Mount Hood & Lost Lake

PhotographerSigismund Blumann

CountryUnited States

MediumDry Point Etching

Year1926

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Etching, Landscape, Lake, Landscape, Mountains, Snow, Supports

Dimensions

Image Dimensions: 11.2 x 8.9 cm glued along top margin
Support Dimensions: Detail: 22.2 x 15.7 cm deckle-edged along lower margin


Associated Blog Posts:

California Pipe Dreamer


A specialist in alternative darkroom processes, particularly Kallitype and Bromoil, Sigismund Blumann perfected his “Dry Point Etching” process and described it in lengthy articles in Camera Craft in 1925 and later in July, 1934 for his own Photo Art monthly using the pen name “Charles H. Fitzpatrick.”
 
This finished etching showing Mt. Hood and Lost Lake from Northern Oregon’s Mount Hood National Forest was originally taken at some point as a photograph by Blumann. Both photo and etching were illustrated side-by-side as halftones in the October, 1925 Camera Craft article titled Making Photographs Into Dry Point Etchings.  Reminiscent of an actual ink on paper intaglio etching, this example of a “Dry Point Etching” easily fools the eye, and is likely a Kallitype or bleached and toned print on Vitava E (tching) chlorobromide paper based on the process outlined below.
 
Dry Point Etchings

A printed photograph with little detail is first selected, and the next step is to:
 
“draw as much as he can on the photograph, using Higgins’ Water Proof India Ink. When this is absolutely dry the silver is completely bleached out with Bichloride of Mercury or Iodine-Iodide bleachers. The pen shading and finishing is then done with care, when the bleached and washed print has been dried.”


From here, a copy negative must then be made which is used to make the final second-generation finished (and reduced for effect) “etchings” using various grades of photographic paper:


 
“The method of reproducing drawings is very simple. Place drawing on wall or easel and camera on firm support exactly centering lens on drawing, making exposure on a slow copy plate by diffused daylight or electric light, and develop for contrast. In copying it is advisable to reduce the image one-third smaller than the original as a finer line is thus secured which improves the finished print. The writer prefers a buff stock, matt paper of medium grade and heavy; and has found Vitava E just right: This is a matter of choice, however, as good prints may be secured on Azo, Velox, Cyco, Kruxo, Defender, Haloid, Barston, Charcoal Black or other matt papers. Proceed as in ordinary photographic printing then tone by re-development, using whatever process you prefer. I use Royal-Re-developer with pleasing results.”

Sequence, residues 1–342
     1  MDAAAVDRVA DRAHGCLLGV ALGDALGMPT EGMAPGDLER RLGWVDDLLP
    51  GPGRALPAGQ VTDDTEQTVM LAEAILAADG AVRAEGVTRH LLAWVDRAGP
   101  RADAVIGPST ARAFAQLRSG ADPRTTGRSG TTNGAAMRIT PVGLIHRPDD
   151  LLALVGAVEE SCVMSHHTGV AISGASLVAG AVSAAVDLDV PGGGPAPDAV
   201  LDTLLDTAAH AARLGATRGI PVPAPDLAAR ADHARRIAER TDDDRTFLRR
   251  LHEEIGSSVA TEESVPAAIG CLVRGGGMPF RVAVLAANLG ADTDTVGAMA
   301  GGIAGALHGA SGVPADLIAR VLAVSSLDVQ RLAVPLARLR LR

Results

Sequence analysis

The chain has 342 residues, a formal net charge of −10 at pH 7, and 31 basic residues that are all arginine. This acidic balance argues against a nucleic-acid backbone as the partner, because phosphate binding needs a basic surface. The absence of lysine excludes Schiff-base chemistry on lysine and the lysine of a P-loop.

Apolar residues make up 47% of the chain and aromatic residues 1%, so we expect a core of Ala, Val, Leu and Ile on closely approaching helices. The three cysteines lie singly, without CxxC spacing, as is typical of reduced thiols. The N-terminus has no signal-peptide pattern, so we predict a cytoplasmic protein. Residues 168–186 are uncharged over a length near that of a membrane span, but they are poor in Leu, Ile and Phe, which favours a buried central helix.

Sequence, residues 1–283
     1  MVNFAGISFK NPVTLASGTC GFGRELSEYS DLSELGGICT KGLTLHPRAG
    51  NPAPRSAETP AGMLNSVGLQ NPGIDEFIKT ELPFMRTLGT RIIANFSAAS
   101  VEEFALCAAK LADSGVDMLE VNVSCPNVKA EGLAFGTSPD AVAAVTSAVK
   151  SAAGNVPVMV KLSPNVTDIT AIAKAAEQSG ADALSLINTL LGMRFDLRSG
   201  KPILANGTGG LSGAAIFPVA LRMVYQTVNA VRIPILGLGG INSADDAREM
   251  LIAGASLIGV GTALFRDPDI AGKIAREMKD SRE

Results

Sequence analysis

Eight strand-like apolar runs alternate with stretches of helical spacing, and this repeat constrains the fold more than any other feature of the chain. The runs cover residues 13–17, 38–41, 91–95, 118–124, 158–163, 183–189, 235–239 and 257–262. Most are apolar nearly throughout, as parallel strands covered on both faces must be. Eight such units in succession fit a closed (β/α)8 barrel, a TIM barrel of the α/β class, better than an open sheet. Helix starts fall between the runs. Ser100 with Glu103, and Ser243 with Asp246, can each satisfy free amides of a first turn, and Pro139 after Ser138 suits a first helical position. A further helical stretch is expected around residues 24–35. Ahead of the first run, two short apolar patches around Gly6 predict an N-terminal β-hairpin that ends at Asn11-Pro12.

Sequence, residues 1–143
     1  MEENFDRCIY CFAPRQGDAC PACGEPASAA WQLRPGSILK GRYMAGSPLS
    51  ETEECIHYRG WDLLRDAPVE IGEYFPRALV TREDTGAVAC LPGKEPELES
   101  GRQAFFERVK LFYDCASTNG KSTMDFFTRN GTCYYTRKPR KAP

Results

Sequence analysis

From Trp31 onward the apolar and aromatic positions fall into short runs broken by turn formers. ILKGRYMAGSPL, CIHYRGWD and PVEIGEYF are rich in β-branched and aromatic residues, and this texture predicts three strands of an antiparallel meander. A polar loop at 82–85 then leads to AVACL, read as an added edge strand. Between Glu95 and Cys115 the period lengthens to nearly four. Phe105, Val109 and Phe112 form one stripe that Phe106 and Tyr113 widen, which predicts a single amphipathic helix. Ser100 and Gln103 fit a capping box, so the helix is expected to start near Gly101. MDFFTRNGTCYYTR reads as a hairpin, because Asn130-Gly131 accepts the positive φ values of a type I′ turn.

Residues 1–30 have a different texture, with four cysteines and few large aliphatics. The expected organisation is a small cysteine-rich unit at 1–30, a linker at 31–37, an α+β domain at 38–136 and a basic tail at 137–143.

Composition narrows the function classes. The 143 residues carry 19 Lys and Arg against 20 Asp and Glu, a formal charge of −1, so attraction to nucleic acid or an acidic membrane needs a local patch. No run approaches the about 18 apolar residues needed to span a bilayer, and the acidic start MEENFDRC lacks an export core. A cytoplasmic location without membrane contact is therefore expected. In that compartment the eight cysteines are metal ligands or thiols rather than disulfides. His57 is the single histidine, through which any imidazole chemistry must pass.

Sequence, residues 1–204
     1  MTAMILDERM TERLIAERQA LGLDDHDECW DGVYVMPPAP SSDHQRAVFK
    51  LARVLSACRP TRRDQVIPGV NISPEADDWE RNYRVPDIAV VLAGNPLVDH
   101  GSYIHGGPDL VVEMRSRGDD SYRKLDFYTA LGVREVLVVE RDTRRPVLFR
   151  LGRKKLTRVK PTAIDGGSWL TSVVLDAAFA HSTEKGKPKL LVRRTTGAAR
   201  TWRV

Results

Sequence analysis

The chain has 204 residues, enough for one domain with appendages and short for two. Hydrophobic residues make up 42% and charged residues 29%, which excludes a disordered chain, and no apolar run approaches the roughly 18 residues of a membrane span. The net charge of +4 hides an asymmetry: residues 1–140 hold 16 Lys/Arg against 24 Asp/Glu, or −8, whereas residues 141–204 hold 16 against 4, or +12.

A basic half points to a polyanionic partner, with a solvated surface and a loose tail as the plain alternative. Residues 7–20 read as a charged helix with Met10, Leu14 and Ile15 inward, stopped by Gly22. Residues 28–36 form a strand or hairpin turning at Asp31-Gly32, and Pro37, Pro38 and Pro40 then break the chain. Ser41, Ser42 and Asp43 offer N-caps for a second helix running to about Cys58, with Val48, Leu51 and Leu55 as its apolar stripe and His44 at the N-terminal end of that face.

In the later 1934 Photo Art monthly article: “Etchings From and With Photographs”, “Fitzpatrick”goes further in depth on this etching process, adding that after the second-generation reduced copy print is made, the print could be:


 
“treated through all the usual solutions in the usual way and may be developed in any of the prescribed formulae for blue-black, jet-black, warm-black, or dark brown tones. Or it may be subsequently toned by the bleach and redevelop methods. The particular brown of an etching is easily gotten on Vitava Athena with a developer containing Athenon, Azo P-2 or 3, Vitava Athena E, Novira in the matt smooth or rough are all fine for the purpose. Gevalux gives a wonderful image in a true carbon black color and velvet crayon patine.”


Continuing, the article offers a summary of the entire process:


 
“That is all there is to the whole thing. You could not complicate it if you tried. Just make an enlargement, work on it with pen and ink, bleach out the silver leaving the ink image, photograph the line drawing, make as many etching-prints from the copy negative as you wish. Where can you go wrong? How can you fail?”


He concludes by saying the maker of these etchings could also go “one step further by using hand-sensitized photographic papers” for this final second-generation completed “etching”:


 
“Furthermore, should you desire to print on colored papers or card-board of such surface as cannot be bought ready sensitized it will be a simple matter to sensitize any stock with the well known Blue Print solutions, or if the various shades of brown and black are wanted to resort to Kallitype. These processes are as cheap as they are easy to compound and use; they work on any paper not too saturated with chlorides or unfixed dyes. Kallitype is moreover a beautiful process in itself and prints endure according to the care in making them.”


 

print notes recto: signed in black ink within lower right corner of impressed primary window mount:
 
Sigismund Blumann  1926


Provenance: Sigismund Blumann’s grandson.
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Mount Hood & Lost Lake